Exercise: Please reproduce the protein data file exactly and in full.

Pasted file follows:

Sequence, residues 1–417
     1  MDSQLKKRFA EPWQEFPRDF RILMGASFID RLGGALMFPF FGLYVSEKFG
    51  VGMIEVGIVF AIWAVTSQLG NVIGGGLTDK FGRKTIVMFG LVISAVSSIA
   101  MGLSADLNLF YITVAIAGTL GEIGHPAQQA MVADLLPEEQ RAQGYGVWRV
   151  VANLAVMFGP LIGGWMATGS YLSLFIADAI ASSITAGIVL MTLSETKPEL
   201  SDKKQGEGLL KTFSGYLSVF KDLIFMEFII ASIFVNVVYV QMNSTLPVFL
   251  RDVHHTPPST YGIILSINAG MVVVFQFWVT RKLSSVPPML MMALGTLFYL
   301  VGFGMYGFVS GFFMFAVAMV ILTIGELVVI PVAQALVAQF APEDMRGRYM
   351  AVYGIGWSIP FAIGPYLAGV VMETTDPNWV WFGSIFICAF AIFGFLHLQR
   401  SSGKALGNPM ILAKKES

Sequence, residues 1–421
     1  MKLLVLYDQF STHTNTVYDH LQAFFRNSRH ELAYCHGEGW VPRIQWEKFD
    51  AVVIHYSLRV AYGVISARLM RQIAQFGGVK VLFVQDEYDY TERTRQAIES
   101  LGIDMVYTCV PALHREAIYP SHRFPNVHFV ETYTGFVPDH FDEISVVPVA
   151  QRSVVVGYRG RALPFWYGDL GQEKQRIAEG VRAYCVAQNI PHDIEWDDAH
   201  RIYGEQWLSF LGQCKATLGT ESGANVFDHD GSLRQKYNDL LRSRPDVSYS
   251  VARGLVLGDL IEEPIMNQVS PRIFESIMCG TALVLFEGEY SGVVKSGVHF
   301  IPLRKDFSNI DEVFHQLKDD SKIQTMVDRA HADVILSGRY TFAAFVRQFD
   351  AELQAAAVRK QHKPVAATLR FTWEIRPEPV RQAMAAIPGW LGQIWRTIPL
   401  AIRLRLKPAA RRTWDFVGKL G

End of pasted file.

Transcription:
Sequence, residues 1–417
     1  MDSQLKKRFA EPWQEFPRDF RILMGASFID RLGGALMFPF FGLYVSEKFG
    51  VGMIEVGIVF AIWAVTSQLG NVIGGGLTDK FGRKTIVMFG LVISAVSSIA
   101  MGLSADLNLF YITVAIAGTL GEIGHPAQQA MVADLLPEEQ RAQGYGVWRV
   151  VANLAVMFGP LIGGWMATGS YLSLFIADAI ASSITAGIVL MTLSETKPEL
   201  SDKKQGEGLL KTFSGYLSVF KDLIFMEFII ASIFVNVVYV QMNSTLPVFL
   251  RDVHHTPPST YGIILSINAG MVVVFQFWVT RKLSSVPPML MMALGTLFYL
   301  VGFGMYGFVS GFFMFAVAMV ILTIGELVVI PVAQALVAQF APEDMRGRYM
   351  AVYGIGWSIP FAIGPYLAGV VMETTDPNWV WFGSIFICAF AIFGFLHLQR
   401  SSGKALGNPM ILAKKES

Sequence, residues 1–421
     1  MKLLVLYDQF STHTNTVYDH LQAFFRNSRH ELAYCHGEGW VPRIQWEKFD
    51  AVVIHYSLRV AYGVISARLM RQIAQFGGVK VLFVQDEYDY TERTRQAIES
   101  LGIDMVYTCV PALHREAIYP SHRFPNVHFV ETYTGFVPDH FDEISVVPVA
   151  QRSVVVGYRG RALPFWYGDL GQEKQRIAEG VRAYCVAQNI PHDIEWDDAH
   201  RIYGEQWLSF LGQCKATLGT ESGANVFDHD GSLRQKYNDL LRSRPDVSYS
   251  VARGLVLGDL IEEPIMNQVS PRIFESIMCG TALVLFEGEY SGVVKSGVHF
   301  IPLRKDFSNI DEVFHQLKDD SKIQTMVDRA HADVILSGRY TFAAFVRQFD
   351  AELQAAAVRK QHKPVAATLR FTWEIRPEPV RQAMAAIPGW LGQIWRTIPL
   401  AIRLRLKPAA RRTWDFVGKL G